BERLIN, Dec 8 (Reuters) - Ireland’s central bank chief Patrick Honohan told a German newspaper he is confident a deal on his country’s legacy bank debt is possible, and that Dublin requires more time to repay the debt in order to safeguard its wider aid package.
Ireland is lobbying the European Central Bank (ECB) to restructure 31 billion euros in promissory notes - a form of high-interest IOU - used to recapitalise the former Anglo Irish Bank, now called the Irish Bank Resolution Corporation.
Honohan said he hoped a deal would be done ahead of the next repayment, which is due in March.
“The planned repayment of the European Central Bank’s aid comes at the wrong time. The government is trying to win back trust on the debt market, and current repayment plan is complicating this,” Honohan told the Frankfurter Allgemeine Zeitung in an interview published on Saturday.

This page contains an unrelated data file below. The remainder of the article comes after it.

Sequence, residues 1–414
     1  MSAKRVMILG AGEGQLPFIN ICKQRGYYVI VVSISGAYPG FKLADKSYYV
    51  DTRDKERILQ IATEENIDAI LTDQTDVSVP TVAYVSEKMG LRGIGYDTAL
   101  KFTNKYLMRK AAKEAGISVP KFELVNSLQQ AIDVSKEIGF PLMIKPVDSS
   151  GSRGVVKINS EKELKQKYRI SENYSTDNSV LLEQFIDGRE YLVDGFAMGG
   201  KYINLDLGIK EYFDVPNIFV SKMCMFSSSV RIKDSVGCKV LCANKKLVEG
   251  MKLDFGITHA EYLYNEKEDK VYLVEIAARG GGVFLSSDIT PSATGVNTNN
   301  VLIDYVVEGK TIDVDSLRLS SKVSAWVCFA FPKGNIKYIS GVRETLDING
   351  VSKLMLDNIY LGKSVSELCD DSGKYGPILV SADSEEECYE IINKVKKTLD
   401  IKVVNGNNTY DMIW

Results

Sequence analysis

“Of course the money will be paid, but it should happen over a longer time frame. That would make much more sense given the wider aid programme for Ireland. We need more time,” he added.
Ireland’s leaders and people have been widely praised by European policymakers for acting decisively to cut national spending when the country’s crisis began.
A deal on the promissory notes would help secure successful budget consolidation. The main thing was to negotiate a sustainable plan, which would “lengthen the repayment deadline considerably,” Honohan said, without suggesting a time frame.
Asked why the ECB was cautious, Honohan said: “Whatever is done, it must be ensured that it cannot be seen in any way as state financing. Legally it must be absolutely water-tight. It is complex, but in my opinion this is possible,” he said.